Train likely couldn't stop in time to save snowplow driver, former CN engineer says
'Say you're coming at 50, boy, there's no way you'd stop in time,' says retired CN engineer John Wever
A former Canadian National Railway engineer says it's likely the operator of the locomotive involved in Tuesday's fatal collision between a CN freight train and a sidewalk snowplow wouldn't be able to stop in time in order to prevent a fatal accident.
Police said the operator of the sidewalk snowplow was killed as he was headed northbound on Colborne Street Tuesday morning, when his vehicle was struck by an eastbound CN freight train at the level crossing near York Street.
'I've had some close calls there'
Say you're coming at 50, boy, there's no way you'd stop in time.- John Wever
John Wever, a retired CN engineer who operated trains through London and across Ontario for 18 years, said the stretch of track is notorious among train engineers for potential accidents.
"I've had some close calls there, virtually everyone has," he said. "I know from running eastward from there, you come around the bend, you get a good clear view of everything and I'm always leary."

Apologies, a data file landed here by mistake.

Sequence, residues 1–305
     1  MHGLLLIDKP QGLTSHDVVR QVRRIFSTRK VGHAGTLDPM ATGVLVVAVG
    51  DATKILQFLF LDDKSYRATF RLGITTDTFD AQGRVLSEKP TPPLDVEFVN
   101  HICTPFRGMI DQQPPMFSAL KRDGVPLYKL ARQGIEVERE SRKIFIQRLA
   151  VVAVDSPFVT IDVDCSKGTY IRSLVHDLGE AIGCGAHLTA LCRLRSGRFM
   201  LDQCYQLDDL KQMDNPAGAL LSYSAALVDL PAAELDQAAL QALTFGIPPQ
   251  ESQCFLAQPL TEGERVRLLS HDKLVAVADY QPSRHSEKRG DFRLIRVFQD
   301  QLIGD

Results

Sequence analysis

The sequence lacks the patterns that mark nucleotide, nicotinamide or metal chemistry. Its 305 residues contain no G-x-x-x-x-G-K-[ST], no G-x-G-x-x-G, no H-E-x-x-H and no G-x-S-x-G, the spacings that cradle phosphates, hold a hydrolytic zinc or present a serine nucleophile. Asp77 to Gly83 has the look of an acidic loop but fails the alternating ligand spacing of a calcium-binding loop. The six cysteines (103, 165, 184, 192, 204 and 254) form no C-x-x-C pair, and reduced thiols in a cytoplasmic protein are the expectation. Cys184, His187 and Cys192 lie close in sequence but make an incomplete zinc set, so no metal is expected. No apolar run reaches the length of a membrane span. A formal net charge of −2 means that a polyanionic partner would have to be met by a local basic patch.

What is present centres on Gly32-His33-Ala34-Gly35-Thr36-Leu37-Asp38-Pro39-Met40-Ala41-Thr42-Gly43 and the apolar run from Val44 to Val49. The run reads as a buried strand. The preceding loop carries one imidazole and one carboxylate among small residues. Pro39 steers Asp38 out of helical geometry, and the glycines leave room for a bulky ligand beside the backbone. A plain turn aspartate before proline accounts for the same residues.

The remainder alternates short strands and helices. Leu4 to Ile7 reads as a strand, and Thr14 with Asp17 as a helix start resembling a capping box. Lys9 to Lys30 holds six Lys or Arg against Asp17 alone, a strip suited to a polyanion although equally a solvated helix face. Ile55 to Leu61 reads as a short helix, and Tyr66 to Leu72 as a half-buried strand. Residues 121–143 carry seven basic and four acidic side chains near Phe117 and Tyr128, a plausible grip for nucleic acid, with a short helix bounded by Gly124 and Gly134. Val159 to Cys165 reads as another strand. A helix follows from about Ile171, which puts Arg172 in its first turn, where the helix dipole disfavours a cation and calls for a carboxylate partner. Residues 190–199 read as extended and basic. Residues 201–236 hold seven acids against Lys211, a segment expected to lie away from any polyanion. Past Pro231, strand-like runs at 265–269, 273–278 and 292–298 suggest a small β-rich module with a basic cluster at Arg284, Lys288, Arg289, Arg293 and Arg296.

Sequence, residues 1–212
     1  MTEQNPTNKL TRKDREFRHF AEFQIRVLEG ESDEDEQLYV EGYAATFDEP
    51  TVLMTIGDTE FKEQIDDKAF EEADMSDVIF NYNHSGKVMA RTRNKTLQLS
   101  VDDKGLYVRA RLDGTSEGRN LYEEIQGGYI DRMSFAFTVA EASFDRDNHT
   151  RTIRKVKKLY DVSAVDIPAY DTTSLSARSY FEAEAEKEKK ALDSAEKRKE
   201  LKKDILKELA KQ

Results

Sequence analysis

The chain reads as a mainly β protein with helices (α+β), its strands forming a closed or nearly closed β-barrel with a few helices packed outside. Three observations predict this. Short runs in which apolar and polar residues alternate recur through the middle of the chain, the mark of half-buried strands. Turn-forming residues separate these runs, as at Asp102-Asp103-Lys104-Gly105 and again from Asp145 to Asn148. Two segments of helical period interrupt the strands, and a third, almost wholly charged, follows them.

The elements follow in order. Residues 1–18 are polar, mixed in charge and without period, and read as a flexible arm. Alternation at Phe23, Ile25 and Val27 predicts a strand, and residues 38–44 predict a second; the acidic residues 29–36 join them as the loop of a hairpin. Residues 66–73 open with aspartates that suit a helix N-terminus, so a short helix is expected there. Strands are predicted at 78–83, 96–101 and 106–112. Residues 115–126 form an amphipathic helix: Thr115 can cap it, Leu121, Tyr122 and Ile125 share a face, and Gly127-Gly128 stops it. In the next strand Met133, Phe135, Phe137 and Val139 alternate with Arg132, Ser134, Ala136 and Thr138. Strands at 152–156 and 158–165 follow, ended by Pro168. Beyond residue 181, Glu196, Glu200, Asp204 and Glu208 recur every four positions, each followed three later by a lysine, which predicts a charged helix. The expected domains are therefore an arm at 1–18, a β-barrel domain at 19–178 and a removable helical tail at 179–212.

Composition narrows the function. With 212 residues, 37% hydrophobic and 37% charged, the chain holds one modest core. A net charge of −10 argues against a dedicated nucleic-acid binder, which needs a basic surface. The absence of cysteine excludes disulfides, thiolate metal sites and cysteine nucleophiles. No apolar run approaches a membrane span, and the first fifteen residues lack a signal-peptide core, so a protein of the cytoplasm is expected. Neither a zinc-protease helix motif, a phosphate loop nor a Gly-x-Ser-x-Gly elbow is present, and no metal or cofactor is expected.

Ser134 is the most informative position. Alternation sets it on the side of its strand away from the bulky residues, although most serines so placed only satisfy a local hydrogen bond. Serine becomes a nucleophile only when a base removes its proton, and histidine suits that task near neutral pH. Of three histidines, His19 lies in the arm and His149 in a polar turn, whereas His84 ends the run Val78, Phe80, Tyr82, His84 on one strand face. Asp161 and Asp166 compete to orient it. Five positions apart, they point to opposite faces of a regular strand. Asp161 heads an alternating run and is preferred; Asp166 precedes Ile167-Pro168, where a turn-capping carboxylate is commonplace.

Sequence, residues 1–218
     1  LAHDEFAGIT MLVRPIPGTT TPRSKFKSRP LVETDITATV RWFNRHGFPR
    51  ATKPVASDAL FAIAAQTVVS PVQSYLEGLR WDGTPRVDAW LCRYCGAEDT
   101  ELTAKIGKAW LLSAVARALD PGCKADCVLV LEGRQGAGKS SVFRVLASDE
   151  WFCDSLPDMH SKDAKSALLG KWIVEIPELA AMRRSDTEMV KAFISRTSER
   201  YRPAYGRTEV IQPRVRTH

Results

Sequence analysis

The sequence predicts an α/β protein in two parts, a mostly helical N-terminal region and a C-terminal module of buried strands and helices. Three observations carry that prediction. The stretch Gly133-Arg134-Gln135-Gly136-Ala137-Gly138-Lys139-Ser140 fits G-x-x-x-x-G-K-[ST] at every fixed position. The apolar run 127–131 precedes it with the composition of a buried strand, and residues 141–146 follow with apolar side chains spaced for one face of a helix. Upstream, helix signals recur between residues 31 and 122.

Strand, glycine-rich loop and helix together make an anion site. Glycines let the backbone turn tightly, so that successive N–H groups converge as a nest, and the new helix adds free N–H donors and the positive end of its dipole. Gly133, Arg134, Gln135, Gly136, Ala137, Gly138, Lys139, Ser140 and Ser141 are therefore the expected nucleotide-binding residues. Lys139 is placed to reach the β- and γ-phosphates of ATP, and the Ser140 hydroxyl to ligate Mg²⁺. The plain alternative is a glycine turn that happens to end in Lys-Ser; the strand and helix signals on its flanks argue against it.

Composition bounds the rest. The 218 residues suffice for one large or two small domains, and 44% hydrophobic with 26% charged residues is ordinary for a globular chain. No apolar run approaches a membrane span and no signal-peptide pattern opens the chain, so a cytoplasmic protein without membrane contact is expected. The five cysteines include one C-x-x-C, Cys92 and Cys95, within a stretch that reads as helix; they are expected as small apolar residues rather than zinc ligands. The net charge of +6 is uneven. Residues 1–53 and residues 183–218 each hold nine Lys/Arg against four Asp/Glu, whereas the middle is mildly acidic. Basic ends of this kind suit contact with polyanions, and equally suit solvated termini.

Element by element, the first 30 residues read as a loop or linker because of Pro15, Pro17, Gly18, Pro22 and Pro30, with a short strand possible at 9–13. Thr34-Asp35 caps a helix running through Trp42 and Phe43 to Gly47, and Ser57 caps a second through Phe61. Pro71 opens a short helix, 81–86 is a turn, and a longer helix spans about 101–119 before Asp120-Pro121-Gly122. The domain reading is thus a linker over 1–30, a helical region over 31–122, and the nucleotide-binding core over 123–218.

Indeed, the Google Streetview image of the area shows a ghost bike, a type of makeshift memorial honour a cyclist killed in an accident, affixed to a tree at the southwest corner of the level crossing.
Wever said the intersection is dangerous because of poor lines of sight, which are exacerbated when snow is piled high in the winter.
'There's no way you'd stop in time'
The CN train was travelling eastbound, which Wever said means the driver couldn't see the level crossing until he rounded a bend in the rails and, by then, the crossing at Colborne Street is a mere 250 metres away. Too short for a typical freight train measuring 12,000 feet to stop in time.
"Say you're coming at 50 [miles per hour], boy, there's no way you'd stop in time," he said. "Even if they had seen him and they're coming through at 50 or, if they have special dangerous [cargo] and come through at 35, even if you dump the air to stop, you would have killed the guy from that distance," Wever said.
Witnesses near the crash site reported hearing the train blow its whistle as it approached the level crossing.
"Of course you're blowing the horn," Wever said, noting it's possible the snowplow operator was wearing hearing protection and was unable to hear the oncoming train.
"There's no gate to protect the sidewalk and there's no gate on either four corners to protect the sidewalk."
"So if [the snowplow operator] is not paying attention, he'd just continue on the sidewalk and he's not aware the train is coming, he's going to get hit."